Or you could use the review in advertisements to the trade. With paid reviews, remember: If all you intend to do with your paid review is add it to your book cover, your website, your Amazon book description, or other online marketing copy, then it is not likely to have any noticeable effect on your sales.
And frankly, in such cases, there is no way to measure if it really did make a difference. You would have to submit to them through the traditional channels at least a couple months or more in advance of your publication date. I spent more than a dozen years in traditional publishing and oversaw the publication of hundreds of books. During that time, only a handful of our titles received professional trade reviews.
By and large, our company did not submit books for review, and pre-publication reviews did not perceptibly affect our sales when they did appear. Using Amazon, find books that would be considered direct competitors to yours. Take a look at their Amazon category or genre e.
If you can, make sure you research a good mix of both traditionally published and self-published titles. Most paid review outlets promise that your review will be distributed to Ingram, online retail sites, and all sorts of important-sounding places.
As I said at the outset, this is a controversial topic, and perceptions about the practice widely vary. If professional trade reviews are very important to you or your work, I highly recommend as suggested before that, rather than paying for a review, you send advance review copies to trade review outlets four to six months in advance of your publication date and proceed through the process just as other publishers would.
Additionally, The Alliance of Independent Authors has posted their anecdotal findings and research into the issue in the following two posts, which have interesting comment threads.
She is the co-founder and editor of The Hot Sheet , the essential newsletter on the publishing industry for authors. This site uses Akismet to reduce spam. Learn how your comment data is processed.
I bought a paid review from Kirkus for my speculative fiction novel, Duo. While the review was largely positive, so much of it was devoted to outlining the plot, I felt anyone who read it would be be deprived of enjoying the discovery of the story for themselves. My novel has been all of five weeks, and I have 43 reviews…all four-and-five stars.
Thanks for really making me think, Jane. I am so glad you published this post. And when authors promote a Kirkus review, I tend to dismiss it. Reader reviews are authentic, more meaningful, and, of course, provided without compensation.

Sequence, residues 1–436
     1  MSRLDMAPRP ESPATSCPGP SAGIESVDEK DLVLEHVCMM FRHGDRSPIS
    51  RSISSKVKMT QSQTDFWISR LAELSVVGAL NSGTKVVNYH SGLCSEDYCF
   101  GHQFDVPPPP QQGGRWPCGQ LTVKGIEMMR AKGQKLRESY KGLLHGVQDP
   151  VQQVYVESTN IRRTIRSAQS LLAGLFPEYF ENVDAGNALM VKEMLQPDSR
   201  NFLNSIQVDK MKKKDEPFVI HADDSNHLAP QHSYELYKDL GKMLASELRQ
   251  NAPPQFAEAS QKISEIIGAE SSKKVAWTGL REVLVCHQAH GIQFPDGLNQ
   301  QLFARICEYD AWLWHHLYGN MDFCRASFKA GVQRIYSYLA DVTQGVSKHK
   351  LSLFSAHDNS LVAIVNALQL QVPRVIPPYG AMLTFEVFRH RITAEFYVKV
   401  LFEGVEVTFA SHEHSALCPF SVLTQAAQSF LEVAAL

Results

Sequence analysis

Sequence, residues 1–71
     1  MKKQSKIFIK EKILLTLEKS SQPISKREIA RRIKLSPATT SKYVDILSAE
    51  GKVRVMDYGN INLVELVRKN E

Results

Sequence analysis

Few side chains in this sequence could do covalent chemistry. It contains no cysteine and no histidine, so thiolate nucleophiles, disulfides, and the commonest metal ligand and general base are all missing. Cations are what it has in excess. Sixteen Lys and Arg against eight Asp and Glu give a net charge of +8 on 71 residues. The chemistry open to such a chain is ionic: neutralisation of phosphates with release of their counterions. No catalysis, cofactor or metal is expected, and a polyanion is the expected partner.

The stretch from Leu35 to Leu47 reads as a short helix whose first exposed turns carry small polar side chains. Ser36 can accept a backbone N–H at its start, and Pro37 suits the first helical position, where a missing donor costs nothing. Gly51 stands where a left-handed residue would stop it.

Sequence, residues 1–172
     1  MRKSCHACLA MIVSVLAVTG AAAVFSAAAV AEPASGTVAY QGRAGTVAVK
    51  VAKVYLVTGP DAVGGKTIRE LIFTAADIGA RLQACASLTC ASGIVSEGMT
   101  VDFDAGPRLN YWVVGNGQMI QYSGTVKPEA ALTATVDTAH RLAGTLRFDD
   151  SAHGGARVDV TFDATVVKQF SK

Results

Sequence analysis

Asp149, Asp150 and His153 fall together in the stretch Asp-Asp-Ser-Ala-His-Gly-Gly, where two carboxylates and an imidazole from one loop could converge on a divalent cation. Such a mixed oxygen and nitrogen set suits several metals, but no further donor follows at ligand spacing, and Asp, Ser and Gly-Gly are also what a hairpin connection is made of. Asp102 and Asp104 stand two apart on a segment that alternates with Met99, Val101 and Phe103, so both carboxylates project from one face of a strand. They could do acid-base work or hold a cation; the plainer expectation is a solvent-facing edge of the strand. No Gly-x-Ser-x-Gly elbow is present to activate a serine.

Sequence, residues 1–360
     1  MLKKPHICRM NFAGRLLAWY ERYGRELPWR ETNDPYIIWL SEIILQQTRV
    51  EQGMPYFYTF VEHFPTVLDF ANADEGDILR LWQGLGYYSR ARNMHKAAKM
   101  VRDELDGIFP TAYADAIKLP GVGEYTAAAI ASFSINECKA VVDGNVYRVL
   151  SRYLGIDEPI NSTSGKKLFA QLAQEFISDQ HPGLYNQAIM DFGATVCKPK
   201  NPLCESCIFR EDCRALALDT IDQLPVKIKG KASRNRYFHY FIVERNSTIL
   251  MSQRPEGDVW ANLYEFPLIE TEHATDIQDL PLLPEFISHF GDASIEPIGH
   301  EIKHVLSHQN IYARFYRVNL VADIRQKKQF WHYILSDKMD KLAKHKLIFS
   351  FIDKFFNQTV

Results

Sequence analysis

As an expert in paid reviews, and the COO of Self-Publishing Review, one company you linked to, I feel I need to get into this — you could have come to us, the specialists in the field for advice and comment; instead you have drawn conclusions without reliable data. You have not reported it. Thank you for all this information, Jane! What a great article. It pays off; I got a big story in our newspaper, but I just got lucky my news release hit the right person at the right time.
Jane Friedman Paying for professional book reviews remains a controversial topic that very few authors have practical, unbiased information about.
Should You Pay for Them? It pays to remember that getting reviews for your book is akin to getting publicity for it. Time, effort, some money spent, and being tenacious are needed.
She is teaching at […]. Jane, as an indie publisher, I have found some nugget of wisdom in every one of your weekly posts. This latest one, on paid reviews, was the most helpful so far.
One more personal viewpoint: I paid for a standard Kirkus Review for my first book, Whitebeam. I waited two weeks more than the promised timeframe and finally had to prod them to produce a review.
That did not sit well, though I was pleased with the review when it came and have been able to use it to leverage sales. This is a great article. There are clearly many pros and cons to consider.
I especially like your point about considering your marketing budget. My question is, I have submitted my MG novel well received by two MG teachers at this point to a self-publisher.
Hi Jane, This is such great information. I just published my first suspense novel for kindle and print at Amazon. This can be a bit frustrating, and more than once, I found myself wishing that he had chosen one storyline and stuck with it.
As time moves on, they get old, and they have to be replaced. The biggest loss is Torriti, who disappears for most of the novel, only turning up now and then. Littell is at ease with the spycraft. He is awkward to the point of being cringe-worthy when he attempts to flesh out the personal lives of his characters. You might ask, at this point: What about the women? Well, for the most part, women need not apply. Littell has a weird habit of introducing a potentially-interesting female character, one who is dynamic, capable, driven, and then forcing her on a short, dull journey to the middle.